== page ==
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Rebellion Record: a Diary of American Events, Diary from December 17, 1860 - April 30, 1864 (ed. Frank Moore) 12 8 Browse Search
Comte de Paris, History of the Civil War in America. Vol. 1. (ed. Henry Coppee , LL.D.) 12 2 Browse Search
Thomas Wentworth Higginson, Harvard Memorial Biographies 11 5 Browse Search
Southern Historical Society Papers, Volume 11. (ed. Reverend J. William Jones) 10 10 Browse Search
The Atlanta (Georgia) Campaign: May 1 - September 8, 1864., Part I: General Report. (ed. Maj. George B. Davis, Mr. Leslie J. Perry, Mr. Joseph W. Kirkley) 8 0 Browse Search
Southern Historical Society Papers, Volume 10. (ed. Reverend J. William Jones) 8 4 Browse Search
The Daily Dispatch: may 27, 1862., [Electronic resource] 7 7 Browse Search
The Daily Dispatch: August 13, 1862., [Electronic resource] 6 2 Browse Search
James Barnes, author of David G. Farragut, Naval Actions of 1812, Yank ee Ships and Yankee Sailors, Commodore Bainbridge , The Blockaders, and other naval and historical works, The Photographic History of The Civil War: in ten volumes, Thousands of Scenes Photographed 1861-65, with Text by many Special Authorities, Volume 6: The Navy. (ed. Francis Trevelyan Miller) 6 6 Browse Search
The Daily Dispatch: February 18, 1862., [Electronic resource] 5 5 Browse Search
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Browsing named entities in Southern Historical Society Papers, Volume 10. (ed. Reverend J. William Jones). You can also browse the collection for Goldsborough or search for Goldsborough in all documents.

Your search returned 6 results in 3 document sections:

Southern Historical Society Papers, Volume 10. (ed. Reverend J. William Jones), Sketch of Longstreet's divisionYorktown and Williamsburg. (search)
osition of Gloucester Point, and of a well conducted naval attack up the York, but it was nevertheless determined to hold the line as long as possible, as the possession of the Peninsula was considered necessary to the safety of Norfolk. The estimate formed by the enemy of the strength of the Peninsula line was very much at variance with the true state of the case. Gen. McClellan says in his report that to have attacked Yorktown by land would have been simple folly, and that as flag officer Goldsborough, of the Navy, reported it impossible to gather sufficient naval force to attempt it by water, and also impossible to advance up the James, on acount of the Merrimac, the only alternative left him was to take Yorktown by siege. On the 4th of April, General McClellan having arrived at Fortress Monroe and taken command in person, put in motion towards Yorktown the force already assembled, consisting of fifty-eight thousand men and one hundred guns, and at 10 A. M. of the 5th this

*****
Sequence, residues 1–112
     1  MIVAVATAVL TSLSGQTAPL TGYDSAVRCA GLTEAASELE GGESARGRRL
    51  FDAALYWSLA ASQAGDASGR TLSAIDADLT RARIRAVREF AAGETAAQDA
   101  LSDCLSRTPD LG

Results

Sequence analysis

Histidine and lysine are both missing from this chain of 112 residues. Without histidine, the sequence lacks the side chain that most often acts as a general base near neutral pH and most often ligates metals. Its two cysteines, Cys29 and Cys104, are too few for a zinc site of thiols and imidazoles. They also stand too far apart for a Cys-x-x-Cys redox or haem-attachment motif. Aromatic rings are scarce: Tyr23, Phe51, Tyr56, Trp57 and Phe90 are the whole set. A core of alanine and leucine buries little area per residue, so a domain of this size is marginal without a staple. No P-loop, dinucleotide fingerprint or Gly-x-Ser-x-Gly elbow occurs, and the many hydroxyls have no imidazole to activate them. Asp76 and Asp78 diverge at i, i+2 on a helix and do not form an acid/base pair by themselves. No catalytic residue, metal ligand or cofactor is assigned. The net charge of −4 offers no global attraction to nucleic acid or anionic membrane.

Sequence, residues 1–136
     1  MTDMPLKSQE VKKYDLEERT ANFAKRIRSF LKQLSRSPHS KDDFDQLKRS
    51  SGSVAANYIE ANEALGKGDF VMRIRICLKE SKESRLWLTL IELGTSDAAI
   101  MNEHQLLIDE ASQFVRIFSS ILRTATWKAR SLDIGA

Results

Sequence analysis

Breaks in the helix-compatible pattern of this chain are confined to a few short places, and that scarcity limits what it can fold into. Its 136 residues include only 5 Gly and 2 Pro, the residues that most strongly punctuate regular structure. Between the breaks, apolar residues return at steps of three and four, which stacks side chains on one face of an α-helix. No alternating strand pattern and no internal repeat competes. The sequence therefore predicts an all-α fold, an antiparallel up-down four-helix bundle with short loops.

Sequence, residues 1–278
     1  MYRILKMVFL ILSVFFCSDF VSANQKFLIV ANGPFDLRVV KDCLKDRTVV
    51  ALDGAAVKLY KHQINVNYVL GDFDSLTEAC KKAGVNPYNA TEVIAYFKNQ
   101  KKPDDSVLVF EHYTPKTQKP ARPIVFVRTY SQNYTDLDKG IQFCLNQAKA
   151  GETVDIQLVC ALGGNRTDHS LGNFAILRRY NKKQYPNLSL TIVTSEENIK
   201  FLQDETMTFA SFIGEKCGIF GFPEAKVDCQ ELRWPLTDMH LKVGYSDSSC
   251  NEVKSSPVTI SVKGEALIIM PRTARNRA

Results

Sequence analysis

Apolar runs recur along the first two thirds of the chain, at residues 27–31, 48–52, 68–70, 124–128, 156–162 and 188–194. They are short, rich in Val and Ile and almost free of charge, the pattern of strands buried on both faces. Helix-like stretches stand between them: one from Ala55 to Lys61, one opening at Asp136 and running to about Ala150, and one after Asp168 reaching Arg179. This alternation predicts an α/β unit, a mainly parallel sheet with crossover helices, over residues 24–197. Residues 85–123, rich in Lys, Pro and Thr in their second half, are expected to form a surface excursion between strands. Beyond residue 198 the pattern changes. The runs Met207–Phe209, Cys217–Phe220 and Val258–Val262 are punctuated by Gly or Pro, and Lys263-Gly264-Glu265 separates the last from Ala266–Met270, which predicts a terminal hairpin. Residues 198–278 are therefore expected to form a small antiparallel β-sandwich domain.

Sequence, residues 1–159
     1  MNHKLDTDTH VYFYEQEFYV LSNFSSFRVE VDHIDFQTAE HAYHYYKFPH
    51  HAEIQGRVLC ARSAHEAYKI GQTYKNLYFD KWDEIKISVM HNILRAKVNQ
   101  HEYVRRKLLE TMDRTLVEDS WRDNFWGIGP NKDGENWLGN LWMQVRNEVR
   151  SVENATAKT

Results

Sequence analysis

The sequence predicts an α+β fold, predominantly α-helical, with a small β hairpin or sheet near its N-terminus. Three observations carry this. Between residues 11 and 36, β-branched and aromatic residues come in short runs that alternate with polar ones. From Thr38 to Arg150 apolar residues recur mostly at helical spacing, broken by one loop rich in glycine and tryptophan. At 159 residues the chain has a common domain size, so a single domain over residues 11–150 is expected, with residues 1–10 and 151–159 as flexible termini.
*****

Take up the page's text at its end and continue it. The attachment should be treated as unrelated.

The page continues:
Southern Historical Society Papers, Volume 10. (ed. Reverend J. William Jones), Memoir of the First Maryland regiment. (search)
hold the ford just below the railroad bridge. He placed the regiment in a skirt of wood near the river, but hidden from the view of the enemy, and ordered Captain Goldsborough to deploy company A as skirmishers on the bank. The Baltimore Light Artillery was posted on a mound on our right. Soon the enemy appeared in column in thle. That immediately replied, and for some time a sharp duel took place. But the skirmishers of the enemy, in the meantime, had crept up to the bridge, where Goldsborough discovered them, and after a determined skirmish drove them away. It was the first time General Elzey had seen the men skirmish, and the cool manner in which d back to form with Captain Robertson and repel their charge, but they retired without making an attack. The right of our line then swung rapidly round, while Goldsborough and Nicholas closed in on them on the left, in a run, in conjunction with Wheat. Their colors was captured in their camp by Private Drers, Company H, together
Southern Historical Society Papers, Volume 10. (ed. Reverend J. William Jones), General J. A. Early's report of the Gettysburg campaign. (search)
ivision around to that position and make the attack, leaving a force at the point then occupied to amuse the enemy and conceal the movement upon his flank and rear. I will here state that when our skirmishers had advanced to Bowers's Hill, Major Goldsborough of the Maryland battalion, with the skirmishers of the battalion, had advanced into the outskirts of the town of Winchester, but fearing that the enemy would shell the town from the main fort, I ordered him back. After receiving final innant-Colonel Hilary P. Jones, and the conduct of himself and his artillery (including that under Captain Dance), were admirable, and have not been surpassed during the war. I must also commend the gallantry of Lieutenant-Colonel Herbert and Major Goldsborough of the Maryland line and their troops. Hoke's and Smith's brigades did not become engaged on either day. The members of my staff, Major Samuel Hale, Division Inspector, Major John W. Daniel, A. A. General, and Lieutenants A. L. Pitzer and